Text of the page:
We all have a favorite food that we eat either out of pure enjoyment or for the “comfort” it provides. Me? Kellogg’s Blueberry unfrosted Pop Tarts. Ever since I was a kid regardless of what was happening around me sitting back with a pair of hot Pop Tarts and a tall glass of milk = paradise.
In high stress situations these comfort foods can provide some level of stress release and a calming effect. This would be very welcome.
Let’s face it, when the SHTF and people are freaking out and you are trying to calm them down anything that helps could be a lifesaver.
Here is my list for the top 5 Morale Boosting Foods For After The SHTF:
1. Coffee – One of the most popular drinks in the United States, coffee is legendary as a MUST HAVE morning drink or functionality for the entire day just may suffer. Coffee can be stored ground with a limited lifespan or in bean form for longer life.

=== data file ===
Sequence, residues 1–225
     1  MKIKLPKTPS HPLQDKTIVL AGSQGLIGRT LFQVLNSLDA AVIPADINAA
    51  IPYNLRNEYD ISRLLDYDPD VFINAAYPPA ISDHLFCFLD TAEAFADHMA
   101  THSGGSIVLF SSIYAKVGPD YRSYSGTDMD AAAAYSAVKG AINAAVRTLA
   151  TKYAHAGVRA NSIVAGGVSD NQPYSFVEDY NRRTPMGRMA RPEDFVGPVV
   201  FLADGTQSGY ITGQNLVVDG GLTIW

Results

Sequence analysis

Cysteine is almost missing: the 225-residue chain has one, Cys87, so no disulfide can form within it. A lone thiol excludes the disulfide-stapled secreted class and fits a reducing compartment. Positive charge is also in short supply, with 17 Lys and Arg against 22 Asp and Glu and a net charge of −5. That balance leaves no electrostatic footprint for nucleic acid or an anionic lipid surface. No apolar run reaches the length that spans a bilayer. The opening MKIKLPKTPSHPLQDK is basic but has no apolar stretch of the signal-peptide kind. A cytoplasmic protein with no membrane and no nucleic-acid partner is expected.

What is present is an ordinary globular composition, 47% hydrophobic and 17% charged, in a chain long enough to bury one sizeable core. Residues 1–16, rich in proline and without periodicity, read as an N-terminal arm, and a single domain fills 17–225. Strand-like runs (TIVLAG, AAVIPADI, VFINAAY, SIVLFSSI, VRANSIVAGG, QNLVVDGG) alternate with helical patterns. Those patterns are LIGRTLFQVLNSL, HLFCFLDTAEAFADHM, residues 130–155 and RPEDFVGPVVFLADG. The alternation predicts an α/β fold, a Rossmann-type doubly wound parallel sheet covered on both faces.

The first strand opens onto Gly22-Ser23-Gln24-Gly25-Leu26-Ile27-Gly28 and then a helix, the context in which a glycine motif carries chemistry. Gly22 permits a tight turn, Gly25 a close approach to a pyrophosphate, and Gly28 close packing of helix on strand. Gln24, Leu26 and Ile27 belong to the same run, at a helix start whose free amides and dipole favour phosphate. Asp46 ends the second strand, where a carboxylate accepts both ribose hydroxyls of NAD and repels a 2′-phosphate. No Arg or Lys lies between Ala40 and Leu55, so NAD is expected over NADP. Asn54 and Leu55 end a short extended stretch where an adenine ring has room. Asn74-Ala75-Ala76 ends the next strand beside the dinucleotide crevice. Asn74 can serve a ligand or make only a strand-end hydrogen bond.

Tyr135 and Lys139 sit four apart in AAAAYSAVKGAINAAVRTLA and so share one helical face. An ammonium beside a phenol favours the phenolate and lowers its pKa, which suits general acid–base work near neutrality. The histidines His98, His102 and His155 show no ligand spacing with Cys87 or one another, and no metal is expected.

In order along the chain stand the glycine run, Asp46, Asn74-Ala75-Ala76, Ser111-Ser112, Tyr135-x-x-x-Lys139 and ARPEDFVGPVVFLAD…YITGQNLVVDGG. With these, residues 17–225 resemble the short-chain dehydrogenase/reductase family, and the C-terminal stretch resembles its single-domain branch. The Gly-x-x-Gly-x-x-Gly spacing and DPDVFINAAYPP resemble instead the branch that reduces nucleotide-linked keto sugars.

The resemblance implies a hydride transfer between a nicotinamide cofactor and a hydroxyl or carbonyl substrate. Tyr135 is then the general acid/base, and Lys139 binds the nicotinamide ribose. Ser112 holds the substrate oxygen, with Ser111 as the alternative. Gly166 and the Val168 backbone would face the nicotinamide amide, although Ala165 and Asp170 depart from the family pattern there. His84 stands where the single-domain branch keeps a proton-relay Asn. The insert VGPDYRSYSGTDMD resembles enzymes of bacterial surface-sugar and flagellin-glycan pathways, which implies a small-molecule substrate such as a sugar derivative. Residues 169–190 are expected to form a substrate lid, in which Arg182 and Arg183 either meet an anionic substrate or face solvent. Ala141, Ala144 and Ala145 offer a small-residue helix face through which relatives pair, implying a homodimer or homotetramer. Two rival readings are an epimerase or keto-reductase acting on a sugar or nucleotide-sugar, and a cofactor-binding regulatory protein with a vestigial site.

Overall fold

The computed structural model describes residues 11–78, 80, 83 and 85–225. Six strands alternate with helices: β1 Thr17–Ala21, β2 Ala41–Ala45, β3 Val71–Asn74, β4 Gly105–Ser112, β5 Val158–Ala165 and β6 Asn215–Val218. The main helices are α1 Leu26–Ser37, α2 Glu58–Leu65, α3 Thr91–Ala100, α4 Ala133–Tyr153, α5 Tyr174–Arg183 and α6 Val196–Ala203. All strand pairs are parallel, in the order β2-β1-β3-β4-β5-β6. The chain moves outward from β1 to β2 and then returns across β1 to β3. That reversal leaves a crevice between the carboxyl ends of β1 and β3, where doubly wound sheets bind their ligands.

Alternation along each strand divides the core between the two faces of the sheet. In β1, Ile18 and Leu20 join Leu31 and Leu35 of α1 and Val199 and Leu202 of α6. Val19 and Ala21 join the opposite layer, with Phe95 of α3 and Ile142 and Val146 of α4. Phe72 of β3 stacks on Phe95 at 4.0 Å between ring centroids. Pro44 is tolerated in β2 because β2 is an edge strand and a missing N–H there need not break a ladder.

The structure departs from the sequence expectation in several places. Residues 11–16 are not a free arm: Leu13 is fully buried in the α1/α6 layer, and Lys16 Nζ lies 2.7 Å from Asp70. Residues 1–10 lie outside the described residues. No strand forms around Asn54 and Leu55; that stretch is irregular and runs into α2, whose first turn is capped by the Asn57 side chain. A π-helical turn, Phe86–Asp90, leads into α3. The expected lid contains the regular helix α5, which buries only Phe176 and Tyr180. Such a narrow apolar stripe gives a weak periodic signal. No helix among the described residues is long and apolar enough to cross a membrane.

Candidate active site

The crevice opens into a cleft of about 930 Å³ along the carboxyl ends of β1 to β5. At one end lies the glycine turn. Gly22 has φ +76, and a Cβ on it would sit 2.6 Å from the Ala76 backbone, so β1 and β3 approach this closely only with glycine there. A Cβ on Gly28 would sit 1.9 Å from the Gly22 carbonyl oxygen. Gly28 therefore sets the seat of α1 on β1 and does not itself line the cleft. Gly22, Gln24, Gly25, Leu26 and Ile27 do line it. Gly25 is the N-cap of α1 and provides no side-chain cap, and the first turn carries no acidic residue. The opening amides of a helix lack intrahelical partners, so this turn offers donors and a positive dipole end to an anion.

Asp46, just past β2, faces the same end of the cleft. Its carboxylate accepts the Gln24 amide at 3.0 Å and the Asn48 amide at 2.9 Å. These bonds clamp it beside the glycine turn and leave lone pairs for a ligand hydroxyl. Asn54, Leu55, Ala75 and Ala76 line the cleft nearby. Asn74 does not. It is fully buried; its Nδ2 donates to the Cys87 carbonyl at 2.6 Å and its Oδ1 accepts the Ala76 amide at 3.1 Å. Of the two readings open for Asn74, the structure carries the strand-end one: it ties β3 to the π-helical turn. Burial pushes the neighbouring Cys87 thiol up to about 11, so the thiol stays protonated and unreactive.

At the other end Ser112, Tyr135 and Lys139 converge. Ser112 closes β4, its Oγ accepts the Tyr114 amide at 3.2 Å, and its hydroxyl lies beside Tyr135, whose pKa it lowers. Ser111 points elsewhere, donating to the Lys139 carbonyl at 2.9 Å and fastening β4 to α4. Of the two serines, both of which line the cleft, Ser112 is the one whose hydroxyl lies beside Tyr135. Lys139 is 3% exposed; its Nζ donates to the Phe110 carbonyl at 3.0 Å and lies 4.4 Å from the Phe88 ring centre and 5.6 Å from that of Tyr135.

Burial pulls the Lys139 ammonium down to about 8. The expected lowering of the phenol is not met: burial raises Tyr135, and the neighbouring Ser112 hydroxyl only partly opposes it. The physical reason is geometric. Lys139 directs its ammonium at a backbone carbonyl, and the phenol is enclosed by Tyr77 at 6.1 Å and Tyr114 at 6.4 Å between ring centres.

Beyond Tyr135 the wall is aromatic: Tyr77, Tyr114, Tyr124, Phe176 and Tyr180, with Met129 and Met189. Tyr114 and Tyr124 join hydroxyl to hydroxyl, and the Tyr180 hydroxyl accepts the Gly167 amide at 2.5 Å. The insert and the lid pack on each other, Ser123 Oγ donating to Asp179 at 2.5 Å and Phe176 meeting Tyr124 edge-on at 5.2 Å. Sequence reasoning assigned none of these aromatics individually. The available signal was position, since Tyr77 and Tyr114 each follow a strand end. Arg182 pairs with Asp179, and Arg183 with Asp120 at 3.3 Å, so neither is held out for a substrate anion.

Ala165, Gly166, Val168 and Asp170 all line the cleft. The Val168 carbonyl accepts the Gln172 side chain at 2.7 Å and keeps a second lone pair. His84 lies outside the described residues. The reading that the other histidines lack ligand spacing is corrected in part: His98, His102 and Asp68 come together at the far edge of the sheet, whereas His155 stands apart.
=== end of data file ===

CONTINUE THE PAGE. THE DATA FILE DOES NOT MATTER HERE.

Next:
2. Hard Candy – Ever ate a candy cane in the middle of summer? For many it will bring back memories of past Christmas holidays and found memories. Hard candy has an excellent shelf life.
3. Chocolate – Chocolate has a limited life expectancy. Storing in the fridge helps and freezing makes it last for years. Chocolate bars can be vacuum sealed to help extend life as well.
4. Bacon – Imagine the smell of bacon several weeks after the SHTF. Would that not provide some sense of normalcy and lift spirits? Canned bacon with a shelf life of 2+ years.
5. Alcohol – This may be controversial but for many people a comfort “food” would certainly include alcohol. I am not recommending getting sloshed to drown stresses, rather a glass of wine here or there could be very welcome. Some common sense needs to be used with this one.
If there are kids in the group consider special accommodations for them. A few Pez dispensers and Tic Tacs would be good. Finding out some of their favorite snacks or foods that could be stored for at least the medium-term.
Many of us prepare for an uncertain future and want to do at least a little better than just survive it.
While thriving may be too much to ask have some sense of normalcy would certainly reduce the burden on the nerves at least a bit.